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Steps you can take to set them up for success:

Complete an honest assessment that asks the employee for feedback in the following areas:

  • Have I provided the necessary training?
  • Am I leveraging the employee’s strengths?
  • Have I been clear with my expectations?
  • Has the team and organizational culture been conducive to success?
  • Do they have the necessary tools (software, systems)?
  • Has this job changed significantly from what the employee was hired for?

Check for any health-related or personal issues getting in their way. If needed, involve your Human Resources partner for guidance to support the employee.

Strategy 3: Be transparent because you care

The majority of managers report lacking the courage to have difficult performance management conversations. Often managers evade these awkward conversations for their own need to avoid conflict or to be liked. A different version of this self-interested mindset is when a manager is overly direct (even downright mean) with the intent of complying with legal requirements to inform an employee before exiting them. In both of these approaches, the manager treats the employee as an object.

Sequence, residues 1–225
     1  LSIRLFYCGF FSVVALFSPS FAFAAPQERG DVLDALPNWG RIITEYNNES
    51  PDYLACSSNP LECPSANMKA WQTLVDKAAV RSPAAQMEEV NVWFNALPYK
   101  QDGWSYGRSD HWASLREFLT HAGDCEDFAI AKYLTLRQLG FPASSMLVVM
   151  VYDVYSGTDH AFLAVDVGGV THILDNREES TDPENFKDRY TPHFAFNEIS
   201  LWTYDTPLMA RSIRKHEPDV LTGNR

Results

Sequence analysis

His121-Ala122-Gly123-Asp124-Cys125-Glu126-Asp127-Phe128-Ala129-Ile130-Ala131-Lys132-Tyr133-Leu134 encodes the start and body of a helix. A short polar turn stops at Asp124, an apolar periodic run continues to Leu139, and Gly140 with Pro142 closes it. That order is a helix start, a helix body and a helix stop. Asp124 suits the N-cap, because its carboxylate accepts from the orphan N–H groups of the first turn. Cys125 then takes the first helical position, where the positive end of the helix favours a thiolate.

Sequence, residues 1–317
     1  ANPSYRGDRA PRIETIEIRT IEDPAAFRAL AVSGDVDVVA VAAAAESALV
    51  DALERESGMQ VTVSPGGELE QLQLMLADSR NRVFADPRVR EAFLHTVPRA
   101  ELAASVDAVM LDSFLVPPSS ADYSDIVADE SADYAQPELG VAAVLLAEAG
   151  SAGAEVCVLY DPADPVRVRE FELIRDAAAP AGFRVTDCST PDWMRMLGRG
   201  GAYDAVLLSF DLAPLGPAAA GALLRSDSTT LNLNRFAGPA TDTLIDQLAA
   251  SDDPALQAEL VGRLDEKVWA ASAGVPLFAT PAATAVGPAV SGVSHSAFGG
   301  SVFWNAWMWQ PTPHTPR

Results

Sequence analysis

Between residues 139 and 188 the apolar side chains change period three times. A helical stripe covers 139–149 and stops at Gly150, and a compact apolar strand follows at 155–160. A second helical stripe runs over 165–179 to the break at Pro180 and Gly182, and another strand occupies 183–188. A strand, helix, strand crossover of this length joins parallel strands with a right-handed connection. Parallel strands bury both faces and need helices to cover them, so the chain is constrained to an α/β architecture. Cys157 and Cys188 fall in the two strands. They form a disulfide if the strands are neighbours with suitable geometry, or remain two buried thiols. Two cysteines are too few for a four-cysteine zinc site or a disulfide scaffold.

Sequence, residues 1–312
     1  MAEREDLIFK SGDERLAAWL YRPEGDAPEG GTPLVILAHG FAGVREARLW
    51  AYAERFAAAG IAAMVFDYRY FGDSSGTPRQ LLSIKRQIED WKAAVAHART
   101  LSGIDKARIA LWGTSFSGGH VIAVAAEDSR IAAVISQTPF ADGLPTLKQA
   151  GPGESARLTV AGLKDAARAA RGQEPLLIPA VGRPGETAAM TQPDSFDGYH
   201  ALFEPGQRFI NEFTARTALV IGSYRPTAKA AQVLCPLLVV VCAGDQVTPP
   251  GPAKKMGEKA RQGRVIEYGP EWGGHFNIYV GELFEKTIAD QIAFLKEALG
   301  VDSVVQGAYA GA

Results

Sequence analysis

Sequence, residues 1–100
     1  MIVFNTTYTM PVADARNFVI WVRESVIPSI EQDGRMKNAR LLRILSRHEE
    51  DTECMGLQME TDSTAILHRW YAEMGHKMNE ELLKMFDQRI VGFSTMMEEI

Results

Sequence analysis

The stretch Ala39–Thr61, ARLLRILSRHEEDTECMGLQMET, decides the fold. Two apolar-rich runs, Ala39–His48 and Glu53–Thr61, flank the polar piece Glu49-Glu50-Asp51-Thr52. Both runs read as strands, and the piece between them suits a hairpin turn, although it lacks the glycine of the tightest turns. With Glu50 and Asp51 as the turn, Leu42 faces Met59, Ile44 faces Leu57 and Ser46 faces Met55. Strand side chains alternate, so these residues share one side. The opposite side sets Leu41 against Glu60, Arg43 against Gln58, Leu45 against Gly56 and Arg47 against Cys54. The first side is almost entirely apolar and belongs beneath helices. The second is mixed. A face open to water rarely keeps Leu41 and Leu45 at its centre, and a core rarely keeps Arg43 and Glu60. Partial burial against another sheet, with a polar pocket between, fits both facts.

The managers from our study were different. They were direct and transparent with their employees, and provided feedback as quickly as possible. They did this, however, not for their own sake, but rather for the employee’s. Would you want to know if you weren’t meeting expectations?

Steps you can take to be transparent because you care:

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  • Do not delay the uncomfortable, direct conversations about unmet expectations.
  • Understand that being clear about an employee’s areas of opportunity doesn’t mean that you cannot continue to reinforce positive behaviors/strengths.
  •  Ask yourself if you are avoiding having a tough conversation for their sake, or to avoid your own discomfort.
  • When preparing for a difficult conversation, ask yourself, “What would I say if this were my friend/ sibling /child?” This approach can humanize your employee and create a more supportive environment.

Our study also revealed that these three strategies to treat an underperforming employee as a person did not necessarily turn around each employee’s performance. There were situations, such as a poor job fit or an extenuating personal circumstance, in which the best outcome was the employee finding a different role and/or a different employer.

This does not necessarily mean that these managers’ efforts were in vain. One participant defined his success not by whether the employee remained in their role or even at the same company. Instead, he wanted to know that in the end, he left the employee better than he found them. This approach serves as an apt mantra of the mindset to treat your underperforming employee as a person rather than as a number.


Pete Longhurst, PhD is a senior leadership development specialist in customer service at Amazon. John Austin, PhD is a professor in the School of Leadership Studies at Fielding Graduate University.